I have a soft spot for the villains of the Disney Renaissance who were unapologetically extra. Ursula with her tempting tune about “poor unfortunate souls,” complete with shade-throwing asides to her eel minions. Scar with his dark spin on the Boys Scout oath “Be Prepared” and a backup dance team of hundreds of cackling jackals. Jafar with his flair for the dramatic from his big, pointed shoulder pads, his wise-cracking parrot, and his bold, expressive eyebrows that worked in conjunction with his frown so plunging it pierced sewer lines. His song may not be as memorable as his peers. Still, its energy and attitude was desperately missed from Disney’s live-action remake of Aladdin.
In Guy Ritchie’s Aladdin, Jafar is given a new backstory and greater definition to his ambitions. He tells Aladdin he was once a street rat too, and later proves he hasn’t lost his touch as a pickpocket. He also tries to convince the Sultan to wage war with a neighboring nation, which seems a naked ploy to extend the lands of Agrabah through ruthless conquest. In this movie, Jafar’s motivation is purely more power. In her excellent in-depth review of the film, Roxana detailed how this depiction feeds into racist stereotypes of the power-hungry Middle Easterner. And on top of that, Richie and co-screenwriter John August’s attempt to make Jafar seem freshly menacing wasn’t only problematic, it was also boring. Marwan Kenzari is given little to play besides seething over being “second.” But this problem of dull could have been solved by keeping Jafar’s reprise of “Prince Ali.”
In 1992’s Aladdin, Jafar drops his scowls and sneers for one spirited song number. And it’s all about mocking Aladdin.
By this point in the story, Jafar has the genie. He has all the power he’s ever wished for. It’s his moment! And he uses it to get very petty. Specifically, he uses his new sorcerer skills to strip Aladdin of his wished-for finery and his royal status as Prince Ali. Then, Jafar embarrasses Aladdin in front of Jasmine by revealing the truth about his identity, and—the vicious cherry on top—he does it all to a mocking reprise of the song that victoriously marched Aladdin into the palace. And Jafar relishes every moment. Even if you think he’s a scoundrel, it’s hard not to smile at the sheer verve of this performance.
Now, ‘92’s Jafar was problematic in his own right, with the queer-coding of its villain and the Middle Eastern character being voiced by a white actor, Jonathan Freeman. So some changes to this character make sense for 2019. Still, I missed his song while watching the new Aladdin. By making Jafar a wannabe warlord, Ritchie and August not only played into problematic tropes, but also annihilated the fun of this Disney villain. The exciting thing about Jafar was not that he was relentlessly power-hungry. It was that he loved being a villain. He was totally delighted with himself when he used his extravagant snake-shaped staff to hypnotize the portly little Sultan. He cackled mercilessly when he snatched that lamp and left Aladdin dangling at the Cave of Wonders. And here, in his greatest moment of victory, he didn’t just banish Aladdin to a far off land to be freeze to death. He did it by breaking down his wishes, his lies, his hopes, and all with a song number that dragged that meddling street rat for daring to mess with him!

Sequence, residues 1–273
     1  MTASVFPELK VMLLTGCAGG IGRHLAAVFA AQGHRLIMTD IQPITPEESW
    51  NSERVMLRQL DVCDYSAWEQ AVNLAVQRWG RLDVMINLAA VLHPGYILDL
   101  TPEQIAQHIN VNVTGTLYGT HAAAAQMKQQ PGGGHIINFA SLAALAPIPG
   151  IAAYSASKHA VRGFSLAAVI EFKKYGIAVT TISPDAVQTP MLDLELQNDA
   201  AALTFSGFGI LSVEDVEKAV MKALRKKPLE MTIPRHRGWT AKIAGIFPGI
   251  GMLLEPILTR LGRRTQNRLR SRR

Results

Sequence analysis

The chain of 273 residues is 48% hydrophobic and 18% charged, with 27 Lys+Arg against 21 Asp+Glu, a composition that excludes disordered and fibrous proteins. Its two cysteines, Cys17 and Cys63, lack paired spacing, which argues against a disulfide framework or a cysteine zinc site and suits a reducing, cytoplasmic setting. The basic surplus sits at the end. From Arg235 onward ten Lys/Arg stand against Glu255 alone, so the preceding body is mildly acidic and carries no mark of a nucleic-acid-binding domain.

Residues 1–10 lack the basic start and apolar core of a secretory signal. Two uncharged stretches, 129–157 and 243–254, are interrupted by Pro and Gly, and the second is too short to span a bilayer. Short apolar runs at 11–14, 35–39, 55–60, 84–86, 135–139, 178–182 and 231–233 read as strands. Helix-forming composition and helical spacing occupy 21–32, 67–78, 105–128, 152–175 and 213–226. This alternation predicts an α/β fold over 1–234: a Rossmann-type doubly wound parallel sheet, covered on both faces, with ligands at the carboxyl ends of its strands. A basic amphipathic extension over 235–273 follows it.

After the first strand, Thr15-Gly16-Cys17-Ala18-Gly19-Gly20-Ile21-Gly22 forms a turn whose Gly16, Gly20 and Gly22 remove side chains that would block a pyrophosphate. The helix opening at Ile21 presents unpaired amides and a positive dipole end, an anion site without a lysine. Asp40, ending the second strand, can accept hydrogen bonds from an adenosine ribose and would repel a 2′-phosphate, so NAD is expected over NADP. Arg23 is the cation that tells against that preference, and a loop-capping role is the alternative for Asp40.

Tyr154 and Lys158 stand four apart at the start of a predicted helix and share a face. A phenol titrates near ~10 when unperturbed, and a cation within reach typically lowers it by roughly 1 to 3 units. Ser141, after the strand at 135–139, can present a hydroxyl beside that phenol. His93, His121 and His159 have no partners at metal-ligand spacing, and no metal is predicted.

I mean, look at the final lines of this song:
His personality flaws
Give me adequate cause
To send him packing on a one-way trip
So his prospects take a terminal dip
His assets frozen, the venue chosen
Is the ends of the earth, whoopee!
So long, ex-Prince Ali!
It’s a garish and classless victory lap by a guy who thinks he’s the smartest, funniest, most underappreciated dude in the room! All that vanity and ego is on glorious display in this short and sassy number. And all of it will come back to bite him in the end. Which means this ego-centric reprise is a perfect setup for the climax!
Jafar wanted to be in power, yes. But as the story went on, it wasn’t just that. He took Aladdin’s success as a personal attack! He deeply resented that some street rat could sneak into the palace and charm his way into being the next in line for the throne. He resented Aladdin’s charisma, street smarts, and connection with Jasmine, all of which got him closer to the coveted throne than Jafar had gotten after years of being the sultan’s “most trusted adviser.” Frankly, considering what a happy-go-lucky dum-dum the 1992 sultan seemed, who could blame Jafar for feeling he’d be better suited to rule? But even though the sultan is painted as less dopey in this new version, Jafar’s song would make sense. More so even, because in Ritchie’s Aladdin, Jafar was a former pickpocket who’d worked his way into these halls of the wealth and power, and still he got out-gamed by a lovestruck goofball and his monkey!
Looking back, “Prince Ali’s Reprise” could have been the Rosetta stone of rebuilding Jafar’s character. His one song was not about his thirst for power, but about his outrage over someone trying to claim what he felt was rightfully his. It isn’t enough that Jafar is Sultan. He’s so ego-centric that he has to utterly destroy the other guy who came close! That level of vanity could have given Kenzari the freedom to do more than glower. If Ritchie and August had kept “Prince Ali’s Reprise,” it would have supported the new backstory they gave Jafar. It could have given the character greater complexity, a better setup up Jafar’s tragic flaw, and brought the mirth back into Jafar’s menace! In short, including “Jafar’s Reprise” might have brought some of the magic back into one of Disney’s most deliciously wicked villains. Sadly, this whole not-so-new world squandered the chance.
Header Image Source: Disney